Order from disorder

Order from disorder
Electron microscopy image of contiguous and intermittent alpha-synuclein fibrils. The blue arrow indicates a contiguous fibre and the red arrow indicates an intermittent fibre.

NPL and University of Leicester scientists have explored a new way of ordering proteins for materials engineering at the nanoscale, using natural biological phenomena as a guide.

The researchers looked at alpha-synuclein, a protein associated with neurological diseases such as Parkinson's, Alzheimer's and some dementias, and found that it can form chain-like fibrillar structures with nanoscale regularity and precision (see image). The protein is intrinsically disordered in vitro, when isolated from the body, and clumps together to form insoluble aggregates which then arrange themselves into long, thin fibres. Interestingly, these fibres can either be contiguous (blue arrow) or intermittent (red arrow).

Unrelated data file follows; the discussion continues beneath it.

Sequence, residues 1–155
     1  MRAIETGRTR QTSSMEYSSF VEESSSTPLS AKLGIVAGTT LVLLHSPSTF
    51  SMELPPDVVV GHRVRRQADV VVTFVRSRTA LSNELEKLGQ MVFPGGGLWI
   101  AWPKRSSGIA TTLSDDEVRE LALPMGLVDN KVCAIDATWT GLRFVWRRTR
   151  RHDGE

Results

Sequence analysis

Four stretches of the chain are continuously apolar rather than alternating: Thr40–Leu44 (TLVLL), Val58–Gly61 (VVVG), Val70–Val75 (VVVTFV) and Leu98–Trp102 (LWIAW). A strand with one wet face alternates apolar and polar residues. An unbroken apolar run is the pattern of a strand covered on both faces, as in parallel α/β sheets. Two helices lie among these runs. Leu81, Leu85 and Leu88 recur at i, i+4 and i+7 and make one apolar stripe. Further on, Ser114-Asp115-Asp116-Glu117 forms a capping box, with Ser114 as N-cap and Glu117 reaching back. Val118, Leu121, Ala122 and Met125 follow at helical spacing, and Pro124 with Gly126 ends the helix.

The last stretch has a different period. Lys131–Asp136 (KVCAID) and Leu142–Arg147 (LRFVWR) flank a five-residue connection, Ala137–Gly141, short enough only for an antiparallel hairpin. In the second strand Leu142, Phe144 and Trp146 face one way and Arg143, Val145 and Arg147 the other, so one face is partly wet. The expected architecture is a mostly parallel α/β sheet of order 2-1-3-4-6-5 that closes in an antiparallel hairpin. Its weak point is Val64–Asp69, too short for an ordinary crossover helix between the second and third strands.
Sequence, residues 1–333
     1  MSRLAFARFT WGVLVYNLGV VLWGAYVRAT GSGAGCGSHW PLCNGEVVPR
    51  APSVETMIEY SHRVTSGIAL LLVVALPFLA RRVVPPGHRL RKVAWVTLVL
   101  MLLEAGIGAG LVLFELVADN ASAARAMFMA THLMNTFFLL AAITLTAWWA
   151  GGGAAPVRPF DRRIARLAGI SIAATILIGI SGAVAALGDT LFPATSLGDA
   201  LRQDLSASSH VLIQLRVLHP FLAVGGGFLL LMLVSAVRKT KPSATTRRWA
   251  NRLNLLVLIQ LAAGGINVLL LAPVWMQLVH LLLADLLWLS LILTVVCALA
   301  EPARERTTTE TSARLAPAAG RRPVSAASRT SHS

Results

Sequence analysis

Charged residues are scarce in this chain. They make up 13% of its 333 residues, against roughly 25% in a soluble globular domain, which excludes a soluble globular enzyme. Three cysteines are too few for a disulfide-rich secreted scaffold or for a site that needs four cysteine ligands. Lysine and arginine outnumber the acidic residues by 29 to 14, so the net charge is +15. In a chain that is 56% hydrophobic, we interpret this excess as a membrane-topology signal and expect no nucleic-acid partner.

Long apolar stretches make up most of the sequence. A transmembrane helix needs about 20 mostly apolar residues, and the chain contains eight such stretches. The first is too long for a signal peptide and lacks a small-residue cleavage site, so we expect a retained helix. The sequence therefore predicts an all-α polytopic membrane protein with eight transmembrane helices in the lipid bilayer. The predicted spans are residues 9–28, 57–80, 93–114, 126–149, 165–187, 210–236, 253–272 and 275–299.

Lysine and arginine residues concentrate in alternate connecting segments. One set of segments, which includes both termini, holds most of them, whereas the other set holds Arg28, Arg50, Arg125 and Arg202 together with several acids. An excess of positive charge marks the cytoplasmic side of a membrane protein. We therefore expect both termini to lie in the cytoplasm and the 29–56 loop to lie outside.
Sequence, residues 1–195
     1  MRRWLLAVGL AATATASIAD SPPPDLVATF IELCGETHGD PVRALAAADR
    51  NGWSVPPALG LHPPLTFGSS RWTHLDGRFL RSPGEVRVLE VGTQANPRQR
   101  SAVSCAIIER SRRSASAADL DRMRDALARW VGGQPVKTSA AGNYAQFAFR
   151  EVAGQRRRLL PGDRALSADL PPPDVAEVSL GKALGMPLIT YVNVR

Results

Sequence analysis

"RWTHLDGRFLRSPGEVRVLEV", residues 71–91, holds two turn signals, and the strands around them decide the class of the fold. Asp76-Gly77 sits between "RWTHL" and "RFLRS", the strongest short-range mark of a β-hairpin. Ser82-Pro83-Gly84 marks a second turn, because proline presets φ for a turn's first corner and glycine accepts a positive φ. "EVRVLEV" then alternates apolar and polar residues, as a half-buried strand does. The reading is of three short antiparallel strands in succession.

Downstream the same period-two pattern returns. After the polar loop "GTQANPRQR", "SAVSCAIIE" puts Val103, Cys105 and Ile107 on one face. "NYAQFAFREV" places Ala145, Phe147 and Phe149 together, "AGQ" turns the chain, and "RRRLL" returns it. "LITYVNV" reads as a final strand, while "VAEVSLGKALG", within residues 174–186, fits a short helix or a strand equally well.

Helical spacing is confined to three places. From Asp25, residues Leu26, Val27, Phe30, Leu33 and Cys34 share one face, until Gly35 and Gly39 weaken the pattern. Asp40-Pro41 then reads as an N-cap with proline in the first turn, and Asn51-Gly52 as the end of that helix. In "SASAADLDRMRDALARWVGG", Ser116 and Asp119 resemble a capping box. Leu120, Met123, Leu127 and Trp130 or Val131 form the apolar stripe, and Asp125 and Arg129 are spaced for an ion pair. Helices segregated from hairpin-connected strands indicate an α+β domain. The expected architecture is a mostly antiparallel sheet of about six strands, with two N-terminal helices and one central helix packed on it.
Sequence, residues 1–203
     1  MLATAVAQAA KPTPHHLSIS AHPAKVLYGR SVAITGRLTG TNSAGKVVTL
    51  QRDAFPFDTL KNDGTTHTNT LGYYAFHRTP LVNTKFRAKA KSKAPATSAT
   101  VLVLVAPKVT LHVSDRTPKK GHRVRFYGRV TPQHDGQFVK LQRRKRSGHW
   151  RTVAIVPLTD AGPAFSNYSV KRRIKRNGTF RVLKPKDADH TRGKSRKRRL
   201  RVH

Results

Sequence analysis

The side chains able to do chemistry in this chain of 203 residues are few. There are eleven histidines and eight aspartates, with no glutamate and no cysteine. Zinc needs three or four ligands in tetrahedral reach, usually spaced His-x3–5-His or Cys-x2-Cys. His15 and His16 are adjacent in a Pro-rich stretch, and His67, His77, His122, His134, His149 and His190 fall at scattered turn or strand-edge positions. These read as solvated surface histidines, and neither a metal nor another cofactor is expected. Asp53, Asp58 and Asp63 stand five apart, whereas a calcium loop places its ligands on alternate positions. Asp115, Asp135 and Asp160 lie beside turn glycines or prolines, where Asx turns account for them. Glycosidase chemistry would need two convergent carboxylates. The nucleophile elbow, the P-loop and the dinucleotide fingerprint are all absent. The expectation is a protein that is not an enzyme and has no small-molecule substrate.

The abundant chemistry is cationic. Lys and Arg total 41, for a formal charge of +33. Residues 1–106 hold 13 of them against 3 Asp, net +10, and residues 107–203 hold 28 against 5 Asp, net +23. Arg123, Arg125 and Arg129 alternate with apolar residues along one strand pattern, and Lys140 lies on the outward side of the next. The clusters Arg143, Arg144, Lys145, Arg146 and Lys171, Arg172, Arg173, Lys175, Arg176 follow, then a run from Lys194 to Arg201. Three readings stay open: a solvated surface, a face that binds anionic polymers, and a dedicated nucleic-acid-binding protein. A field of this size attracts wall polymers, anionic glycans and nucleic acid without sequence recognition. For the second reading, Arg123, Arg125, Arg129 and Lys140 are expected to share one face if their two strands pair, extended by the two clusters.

In this study the researchers were able to demonstrate that this phenomenon can be emulated by artificially introducing regions of structural disorder into an unrelated, so-called 'designer' fibre. The gaps between the different segments and within the arrays themselves could be controlled and used as templates to synthesis further arrays of or .

This concept could be used to engineer novel nanoscale materials and devices such as integrated biosensors and nanoarrays, for diagnosing disease or studying proteins. Using protein self-assembly in this way would prove more efficient and cost effective than traditional techniques, which require complicated instruments and tightly controlled environmental conditions.

The results are also important as they indicate a possible mechanism to detect and target the alpha-synuclein protein in the treatment of .


Explore further

SUMO defeats protein aggregates that typify Parkinson's disease

More information: DOI: 10.1002/mabi.201100295
Provided by Wiley
Citation: Order from disorder (2012, May 2) retrieved 17 August 2019 from https://phys.org/news/2012-05-disorder.html
This document is subject to copyright. Apart from any fair dealing for the purpose of private study or research, no part may be reproduced without the written permission. The content is provided for information purposes only.
0 shares

Feedback to editors

User comments

Please sign in to add a comment. Registration is free, and takes less than a minute. Read more